Court strike sign
A sign announcing the strike at a Be'er Sheva court. Photo by Eli Hershkovitz
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Administrative court workers threatened yesterday to continue their strike until the courts' summer recess begins later this month, and to resume it again when the courts return from recess in September.

Some 1,800 employees of the court system, 80 percent of them women, have been striking since June 21. The strike has caused severe delays throughout the system, and Supreme Court President Dorit Beinisch said last week that unless it is resolved, the courts' work may soon grind to a complete halt.

The strikers are demanding that 500 part-time positions be expanded to half-time, and that the preferential terms of the bonus they earn as court workers be reinstated. Once, this bonus distinguished them from other civil servants, but now, other public-sector workers receive similar or even larger benefits.

Finally, they are seeking a major organizational change in the Courts Administration that would improve administrative workers' opportunities for promotion and raises and expand the number of workers eligible for reimbursement of car expenses.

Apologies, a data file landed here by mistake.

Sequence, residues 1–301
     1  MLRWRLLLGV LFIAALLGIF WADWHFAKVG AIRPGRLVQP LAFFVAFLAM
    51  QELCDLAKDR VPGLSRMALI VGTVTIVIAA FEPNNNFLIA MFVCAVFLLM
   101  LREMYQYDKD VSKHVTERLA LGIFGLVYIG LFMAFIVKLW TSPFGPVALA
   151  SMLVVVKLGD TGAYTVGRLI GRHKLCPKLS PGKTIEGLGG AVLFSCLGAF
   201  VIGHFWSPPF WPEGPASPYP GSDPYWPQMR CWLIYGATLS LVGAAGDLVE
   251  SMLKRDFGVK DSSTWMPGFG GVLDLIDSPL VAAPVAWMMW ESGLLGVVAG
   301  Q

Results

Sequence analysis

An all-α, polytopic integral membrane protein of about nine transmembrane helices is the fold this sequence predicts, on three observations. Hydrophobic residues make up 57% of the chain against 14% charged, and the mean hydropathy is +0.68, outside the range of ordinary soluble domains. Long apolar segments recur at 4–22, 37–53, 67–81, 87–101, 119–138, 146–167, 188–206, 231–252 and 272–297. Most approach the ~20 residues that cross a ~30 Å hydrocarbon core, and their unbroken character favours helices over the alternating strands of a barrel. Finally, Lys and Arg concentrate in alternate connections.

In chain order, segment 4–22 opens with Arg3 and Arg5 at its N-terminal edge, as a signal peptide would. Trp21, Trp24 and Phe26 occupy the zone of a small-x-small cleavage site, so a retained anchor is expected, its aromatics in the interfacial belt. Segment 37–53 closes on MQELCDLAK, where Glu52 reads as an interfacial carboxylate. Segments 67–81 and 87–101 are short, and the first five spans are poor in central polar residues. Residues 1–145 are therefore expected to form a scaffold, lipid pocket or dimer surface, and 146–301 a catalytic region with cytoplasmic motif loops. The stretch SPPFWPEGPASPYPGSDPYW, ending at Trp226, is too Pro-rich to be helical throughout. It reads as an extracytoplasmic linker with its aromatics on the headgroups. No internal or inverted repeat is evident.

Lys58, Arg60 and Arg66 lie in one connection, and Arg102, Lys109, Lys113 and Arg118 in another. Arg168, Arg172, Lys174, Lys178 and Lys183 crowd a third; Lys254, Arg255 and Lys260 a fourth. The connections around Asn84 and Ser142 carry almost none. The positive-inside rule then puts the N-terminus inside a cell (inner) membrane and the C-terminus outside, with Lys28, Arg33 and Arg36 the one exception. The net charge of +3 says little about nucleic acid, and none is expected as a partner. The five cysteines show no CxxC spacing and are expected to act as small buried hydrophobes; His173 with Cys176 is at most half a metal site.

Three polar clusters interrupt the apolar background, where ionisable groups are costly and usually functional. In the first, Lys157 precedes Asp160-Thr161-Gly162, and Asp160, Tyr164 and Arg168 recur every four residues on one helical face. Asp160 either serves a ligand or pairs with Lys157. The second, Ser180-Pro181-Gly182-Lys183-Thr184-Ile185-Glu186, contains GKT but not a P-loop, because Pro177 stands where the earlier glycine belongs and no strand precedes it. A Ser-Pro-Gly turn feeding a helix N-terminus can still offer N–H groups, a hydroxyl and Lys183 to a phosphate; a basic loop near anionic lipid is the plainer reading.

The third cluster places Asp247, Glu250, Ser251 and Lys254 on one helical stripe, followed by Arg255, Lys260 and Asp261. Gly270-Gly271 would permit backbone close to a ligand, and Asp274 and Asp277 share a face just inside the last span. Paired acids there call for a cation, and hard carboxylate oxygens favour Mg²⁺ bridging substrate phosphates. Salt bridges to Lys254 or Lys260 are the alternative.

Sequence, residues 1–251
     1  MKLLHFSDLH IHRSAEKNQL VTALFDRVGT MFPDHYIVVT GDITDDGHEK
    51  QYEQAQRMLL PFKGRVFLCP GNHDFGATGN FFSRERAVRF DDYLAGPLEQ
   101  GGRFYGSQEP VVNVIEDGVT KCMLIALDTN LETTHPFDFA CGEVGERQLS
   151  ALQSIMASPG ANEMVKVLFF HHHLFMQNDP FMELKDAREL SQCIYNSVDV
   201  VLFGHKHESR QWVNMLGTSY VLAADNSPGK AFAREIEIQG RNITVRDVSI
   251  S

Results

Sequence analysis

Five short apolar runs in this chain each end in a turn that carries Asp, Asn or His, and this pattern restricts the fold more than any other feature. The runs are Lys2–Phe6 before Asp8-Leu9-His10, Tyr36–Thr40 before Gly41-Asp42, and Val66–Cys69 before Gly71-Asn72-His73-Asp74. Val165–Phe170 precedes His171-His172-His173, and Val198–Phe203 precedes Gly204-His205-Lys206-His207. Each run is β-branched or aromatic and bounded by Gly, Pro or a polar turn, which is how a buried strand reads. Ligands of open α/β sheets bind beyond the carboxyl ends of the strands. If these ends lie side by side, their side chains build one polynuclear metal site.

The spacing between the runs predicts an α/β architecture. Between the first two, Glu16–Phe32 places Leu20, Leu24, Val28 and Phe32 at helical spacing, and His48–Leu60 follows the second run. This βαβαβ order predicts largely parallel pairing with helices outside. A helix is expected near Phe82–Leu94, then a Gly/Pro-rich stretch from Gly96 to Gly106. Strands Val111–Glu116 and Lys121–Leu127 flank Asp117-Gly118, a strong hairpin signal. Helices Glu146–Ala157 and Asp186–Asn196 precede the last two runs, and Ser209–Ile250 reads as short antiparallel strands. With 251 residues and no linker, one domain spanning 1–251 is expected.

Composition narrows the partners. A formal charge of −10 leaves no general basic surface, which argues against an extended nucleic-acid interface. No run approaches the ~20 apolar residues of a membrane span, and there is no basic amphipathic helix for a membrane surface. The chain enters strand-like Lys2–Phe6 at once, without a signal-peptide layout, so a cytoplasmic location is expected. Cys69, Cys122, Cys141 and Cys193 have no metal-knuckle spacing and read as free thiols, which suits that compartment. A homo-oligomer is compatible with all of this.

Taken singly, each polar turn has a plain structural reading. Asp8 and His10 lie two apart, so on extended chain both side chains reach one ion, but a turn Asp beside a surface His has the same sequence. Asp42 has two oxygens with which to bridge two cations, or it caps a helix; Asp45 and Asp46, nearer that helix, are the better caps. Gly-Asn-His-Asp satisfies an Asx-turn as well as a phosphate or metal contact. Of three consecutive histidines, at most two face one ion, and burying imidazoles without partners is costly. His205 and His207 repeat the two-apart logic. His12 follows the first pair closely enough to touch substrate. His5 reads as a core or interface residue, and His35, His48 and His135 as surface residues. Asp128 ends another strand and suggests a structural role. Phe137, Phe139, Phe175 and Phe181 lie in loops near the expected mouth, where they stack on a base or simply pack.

However, the Courts Administration claims that meeting the workers' demands would mean adding 127 new positions to the system, which it cannot afford.

A legal source familiar with the strike told Haaretz that it was sparked by the court stenographers' successful strike six months ago. The 750 stenographers stayed on strike for weeks and eventually won a collective agreement that secured them a raise of NIS 1,000 each, compensation for wage erosion and reimbursement for car expenses.

The source added that negotiations between the workers and the Courts Administration had reached an impasse, and resolving the dispute was now up to the civil servants' union, the Finance Ministry and the Civil Service Commission.

Lawyers have been trying to bypass the strike by appealing directly to judges and their clerks. Yona Hayer-Levy, chief public defender for the Tel Aviv and central districts, told Haaretz that attorneys have begun approaching the clerks directly with urgent requests in a bid to keep legal procedures moving. Usually, the courts' chief secretaries are the ones who accept urgent requests, and then pass them on to judges at their own discretion.

However, no new civil proceedings can be started, aside from urgent matters such as requests for injunctions or for protective orders for people at risk from their relatives. And in criminal cases, the list is only slightly longer, encompassing matters such as appeals of verdicts in criminal trials, appeals against the release of suspects in custody and requests to extend the remand of people already on trial.

Avi Harush, deputy chairman of the court workers' union, told Haaretz the workers planned to intensify the strike, including by locking up the courts' stocks of paper, which would significantly impair the judges' work.